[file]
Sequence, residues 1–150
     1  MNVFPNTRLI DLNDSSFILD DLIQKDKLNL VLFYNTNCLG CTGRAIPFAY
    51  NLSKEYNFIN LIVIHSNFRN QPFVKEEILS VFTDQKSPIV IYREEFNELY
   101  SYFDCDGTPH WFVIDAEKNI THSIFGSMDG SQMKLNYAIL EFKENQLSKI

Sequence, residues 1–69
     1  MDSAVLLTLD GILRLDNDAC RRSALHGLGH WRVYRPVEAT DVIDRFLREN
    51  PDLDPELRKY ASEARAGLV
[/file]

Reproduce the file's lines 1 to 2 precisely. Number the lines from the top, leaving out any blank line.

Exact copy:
Sequence, residues 1–150
     1  MNVFPNTRLI DLNDSSFILD DLIQKDKLNL VLFYNTNCLG CTGRAIPFAY